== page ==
under the hood. Not only is this convenient, but it also means that you can take a complex function that is written in terms of numpy functions and pass a tensor through it so that you can differentiate that function!

```
from some_library import complicated_numpy_function
x = mg.tensor(...)
out_tensor = complicated_numpy_function(x)
out_tensor.backward() # compute d(complicated_numpy_function) / dx !
```

## Vectorized Auto-Differentiation

Like NumPy’s array, MyGrad’s tensor supports vectorized operations, allowing us to evaluate the derivative of a function at multiple points simultaneously. Let’s again take the function \(f(x)=x^2\), which has the derivative \(\frac{\mathrm{d}f}{\mathrm{d}x}=2x\). Now, instead of passing in a single number to `Tensor`

, we can pass in a list of values corresponding to all the points at which we
want the compute the derivative. We can then find the instantaneous slope of our function at these points, just as before. First we will pass `x`

into our function of interest, namely \(f(x)=x^2\).

```
# using vectorized operations to evaluate a function
# at multiple locations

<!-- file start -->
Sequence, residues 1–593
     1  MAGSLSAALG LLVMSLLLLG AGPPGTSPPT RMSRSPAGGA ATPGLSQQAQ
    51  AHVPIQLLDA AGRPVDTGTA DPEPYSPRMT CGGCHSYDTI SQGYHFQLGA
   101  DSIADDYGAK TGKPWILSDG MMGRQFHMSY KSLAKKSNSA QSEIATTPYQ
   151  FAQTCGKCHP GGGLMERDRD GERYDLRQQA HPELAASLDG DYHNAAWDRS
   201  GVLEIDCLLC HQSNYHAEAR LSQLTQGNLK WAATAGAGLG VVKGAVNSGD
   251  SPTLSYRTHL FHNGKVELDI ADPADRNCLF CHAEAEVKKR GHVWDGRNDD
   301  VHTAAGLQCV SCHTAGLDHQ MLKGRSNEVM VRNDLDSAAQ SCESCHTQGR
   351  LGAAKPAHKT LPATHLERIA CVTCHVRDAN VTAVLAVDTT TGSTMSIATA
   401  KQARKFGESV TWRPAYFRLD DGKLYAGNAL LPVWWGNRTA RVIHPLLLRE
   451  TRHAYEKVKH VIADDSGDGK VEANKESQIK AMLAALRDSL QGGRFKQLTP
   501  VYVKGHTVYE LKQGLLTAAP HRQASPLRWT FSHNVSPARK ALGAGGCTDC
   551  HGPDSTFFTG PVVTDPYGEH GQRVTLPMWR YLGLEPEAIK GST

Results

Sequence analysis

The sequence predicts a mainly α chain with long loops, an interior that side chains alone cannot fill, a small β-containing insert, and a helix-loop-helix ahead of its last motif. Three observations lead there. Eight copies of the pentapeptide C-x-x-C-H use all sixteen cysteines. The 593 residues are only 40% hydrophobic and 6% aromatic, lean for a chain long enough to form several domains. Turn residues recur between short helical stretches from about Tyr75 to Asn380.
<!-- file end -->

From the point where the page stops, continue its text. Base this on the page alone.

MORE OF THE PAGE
>>> x = mg.tensor([2.0, -4.0, 1.0, 3.0])
>>> fx = x ** 2
>>> fx
Tensor([ 4., 16., 1., 9.])
```

Here MyGrad vectorizes the operation, performing it element-wise:

We can elegantly exploit this vectorization to find the derivative of \(f(x)\) evaluated at each point in `x`

by invoking `fx.backward()`

. This will trigger the vectorized computation

which will be stored in `x.grad`

. It is important to recognize that `x.grad[i]`

stores the derivative of `fx`

evaluated at `x[i]`

.

```
# Trigger vectorized auto-differentiation
# Computes the instantaneous slope of
# f(x) = x ** 2 at 2, 4, 1, and 3
>>> fx.backward()
>>> x.grad # df/dx @ x = 2, -4, 1, and 3, respectively
array([ 4., -8., 2., 6.])
```

As expected, MyGrad finds the appropriate value for the derivative evaluated at each respective element in `x`

.

## Visualizing the Derivative

The following code block demonstrates how easy it is to visualize a function’s derivative by using MyGrad. Note MyGrad’s `Tensor`

stores a NumPy-array of its data, which can be accessed via the `.data`

attribute. Any time a library needs to be passed a NumPy array, you can access this array from a tensor through this attribute.

Study the plot displayed below: notice that the derivative is always \(0\) when the function has a horizontal slope, and that the derivative takes on a positive value wherever the parent function has a positive slope.

```
[1]:
```

```
import mygrad as mg
import numpy as np
import matplotlib.pyplot as plt
%matplotlib inline
def f(x):
return np.sin(2 * x) * np.cos(x) * np.exp(-x / 3) * 100
def plot_func_and_deriv(x, func):
fig, ax = plt.subplots()
x = mg.tensor(x)
y = func(x) # compute f(x)
y.backward() # compute df/dx
# plot f(x) vs x
ax.plot(x.data, y.data, label="f(x)")
# plot df/dx vs x
ax.plot(x.data, x.grad, ls="--", label="df/dx")
ax.grid(True)
ax.legend()
return fig, ax